LITTLE ROCK, Ark. (KTHV) -- A new bill could mean you need to change the way you save for retirement.
It's timely opportunity made available by the American Taxpayer Relief Act that was recently passed by Congress and signed by President Obama.
Delta Trust and Bank's Senior vice president and certified planner Chad Carlson was on "THV 11 News This Morning" to break it down.
There are two types of IRAs: (1) Traditional and (2) Roth. Both are excellent accounts to use for retirement savings because they allow you to defer paying taxes on your investments and savings. Contributions to Traditional IRAs may be deductible for tax purposes. Contributions to Roth IRAs are not.
You'll pay tax, however, on withdrawals from your Traditional IRA... while withdrawals from Roth IRAs are tax-free if you follow the rules. Determining which one is best for you depends on a number of factors including how much you earn and your longer term objectives.
Changes made by Congress in 2010 allow for conversion of Traditional IRAs to Roth IRAs. This is a topic you should discuss with your tax advisor this spring. Some of the reasons for considering a conversion include giving you better control over the taxes you'll pay during retirement as well as the possibility for a more efficient means of passing IRA assets to heirs. And, Roth IRAs do not have the RMD or Minimum Distribution requirements that Traditional IRAs have.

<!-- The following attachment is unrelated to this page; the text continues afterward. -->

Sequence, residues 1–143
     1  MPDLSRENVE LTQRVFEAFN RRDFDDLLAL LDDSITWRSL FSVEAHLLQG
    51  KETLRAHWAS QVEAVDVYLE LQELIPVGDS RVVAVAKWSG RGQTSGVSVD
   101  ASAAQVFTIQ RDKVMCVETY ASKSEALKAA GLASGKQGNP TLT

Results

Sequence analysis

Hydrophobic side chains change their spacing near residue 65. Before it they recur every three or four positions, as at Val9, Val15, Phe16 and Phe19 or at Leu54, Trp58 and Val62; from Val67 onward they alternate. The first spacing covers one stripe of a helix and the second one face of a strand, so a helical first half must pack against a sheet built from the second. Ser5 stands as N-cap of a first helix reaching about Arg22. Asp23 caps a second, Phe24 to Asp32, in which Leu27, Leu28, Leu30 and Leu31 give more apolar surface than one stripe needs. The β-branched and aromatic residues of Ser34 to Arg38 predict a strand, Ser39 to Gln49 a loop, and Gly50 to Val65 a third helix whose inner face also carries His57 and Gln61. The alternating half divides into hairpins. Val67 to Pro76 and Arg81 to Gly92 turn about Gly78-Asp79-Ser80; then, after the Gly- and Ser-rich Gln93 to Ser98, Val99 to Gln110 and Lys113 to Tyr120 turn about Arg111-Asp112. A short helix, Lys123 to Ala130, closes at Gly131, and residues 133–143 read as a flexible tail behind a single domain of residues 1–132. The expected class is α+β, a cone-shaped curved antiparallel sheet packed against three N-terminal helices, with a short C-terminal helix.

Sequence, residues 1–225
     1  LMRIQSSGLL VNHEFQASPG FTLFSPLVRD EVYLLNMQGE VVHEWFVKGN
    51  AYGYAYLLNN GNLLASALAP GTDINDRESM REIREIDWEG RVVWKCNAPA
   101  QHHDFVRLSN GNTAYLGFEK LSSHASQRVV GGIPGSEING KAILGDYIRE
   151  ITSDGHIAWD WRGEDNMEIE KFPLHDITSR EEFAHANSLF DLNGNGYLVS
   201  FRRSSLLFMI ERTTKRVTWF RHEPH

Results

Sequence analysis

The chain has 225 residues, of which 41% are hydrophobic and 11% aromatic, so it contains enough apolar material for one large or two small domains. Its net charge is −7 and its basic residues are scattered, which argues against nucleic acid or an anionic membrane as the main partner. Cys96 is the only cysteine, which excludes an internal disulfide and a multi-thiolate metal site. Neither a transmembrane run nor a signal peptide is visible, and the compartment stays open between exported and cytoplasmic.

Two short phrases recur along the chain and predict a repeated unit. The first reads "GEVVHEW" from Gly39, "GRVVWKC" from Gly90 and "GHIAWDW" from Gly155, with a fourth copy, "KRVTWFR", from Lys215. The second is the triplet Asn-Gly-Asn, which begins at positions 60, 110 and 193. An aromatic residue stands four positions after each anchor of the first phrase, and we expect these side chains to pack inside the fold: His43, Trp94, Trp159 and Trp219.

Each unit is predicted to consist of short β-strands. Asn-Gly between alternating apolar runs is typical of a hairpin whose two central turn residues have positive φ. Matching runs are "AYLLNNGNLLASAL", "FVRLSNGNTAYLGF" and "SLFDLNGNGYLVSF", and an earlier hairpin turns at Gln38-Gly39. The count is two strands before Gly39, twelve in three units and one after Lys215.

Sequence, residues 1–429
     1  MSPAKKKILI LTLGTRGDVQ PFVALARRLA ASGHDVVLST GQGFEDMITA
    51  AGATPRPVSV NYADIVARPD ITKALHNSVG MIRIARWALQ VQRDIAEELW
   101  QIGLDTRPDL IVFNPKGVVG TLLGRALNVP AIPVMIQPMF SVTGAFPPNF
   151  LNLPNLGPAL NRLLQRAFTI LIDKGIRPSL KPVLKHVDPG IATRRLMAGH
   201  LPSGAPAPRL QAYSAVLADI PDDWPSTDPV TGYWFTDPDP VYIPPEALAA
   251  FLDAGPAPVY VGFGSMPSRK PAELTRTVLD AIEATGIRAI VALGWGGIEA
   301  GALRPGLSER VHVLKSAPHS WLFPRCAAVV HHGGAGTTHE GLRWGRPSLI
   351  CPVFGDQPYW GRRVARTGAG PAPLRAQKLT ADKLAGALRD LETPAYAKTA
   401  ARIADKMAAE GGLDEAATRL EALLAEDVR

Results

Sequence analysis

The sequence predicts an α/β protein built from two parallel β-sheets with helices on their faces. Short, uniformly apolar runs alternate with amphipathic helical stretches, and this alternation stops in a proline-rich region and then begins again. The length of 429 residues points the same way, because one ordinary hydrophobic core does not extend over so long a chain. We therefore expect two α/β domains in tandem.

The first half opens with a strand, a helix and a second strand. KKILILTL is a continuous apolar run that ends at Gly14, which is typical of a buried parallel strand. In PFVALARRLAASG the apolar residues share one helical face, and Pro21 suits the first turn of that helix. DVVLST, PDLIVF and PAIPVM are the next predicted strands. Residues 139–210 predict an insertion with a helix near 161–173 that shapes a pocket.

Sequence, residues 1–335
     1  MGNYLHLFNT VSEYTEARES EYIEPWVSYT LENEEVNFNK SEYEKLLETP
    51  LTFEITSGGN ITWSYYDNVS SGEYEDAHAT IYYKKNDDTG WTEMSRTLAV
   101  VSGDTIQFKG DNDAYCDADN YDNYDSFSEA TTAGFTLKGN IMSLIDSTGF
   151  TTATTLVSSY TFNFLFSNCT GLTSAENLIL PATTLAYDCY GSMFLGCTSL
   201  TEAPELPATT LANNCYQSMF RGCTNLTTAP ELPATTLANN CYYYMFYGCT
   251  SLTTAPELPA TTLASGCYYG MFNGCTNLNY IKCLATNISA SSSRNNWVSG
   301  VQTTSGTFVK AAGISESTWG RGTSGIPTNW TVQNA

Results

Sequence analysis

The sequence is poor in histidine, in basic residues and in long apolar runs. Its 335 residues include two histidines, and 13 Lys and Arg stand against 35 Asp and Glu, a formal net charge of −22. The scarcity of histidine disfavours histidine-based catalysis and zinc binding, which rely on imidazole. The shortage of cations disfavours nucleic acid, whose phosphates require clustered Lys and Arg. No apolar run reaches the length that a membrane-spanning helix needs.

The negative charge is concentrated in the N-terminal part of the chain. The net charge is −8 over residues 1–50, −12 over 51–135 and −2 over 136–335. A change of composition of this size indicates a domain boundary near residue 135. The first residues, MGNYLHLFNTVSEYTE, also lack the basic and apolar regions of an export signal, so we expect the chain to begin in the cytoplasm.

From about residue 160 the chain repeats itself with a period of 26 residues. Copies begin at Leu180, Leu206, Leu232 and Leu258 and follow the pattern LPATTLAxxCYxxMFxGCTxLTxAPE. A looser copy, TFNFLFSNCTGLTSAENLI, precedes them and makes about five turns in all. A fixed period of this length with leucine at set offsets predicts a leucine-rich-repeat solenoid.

The recently passed tax relief act extends the tax favored treatment of direct charitable contributions made from your IRA for 2012 and 2013 for people over 70 and a half. And there are two very timely rules your viewers over 70 and a half should know about:
(1) Qualified distributions made to a charity by February 1st may be counted retroactively for 2012!
(2) if you're an IRA owner who took a distribution from your IRA in December... you may make a contribution up to that amount to a qualified charity before Feb. 1 and have this treated as a direct transfer.
For those who took a year-end RMD, this means they could satisfy the distribution requirement, avoid taxation of the distribution, and help their favorite charity.
Talk to your tax advisor or financial planner for assistance. Or call us at Delta Trust. Also remember that a planned giving officer at your favorite charity is an excellent resource as well.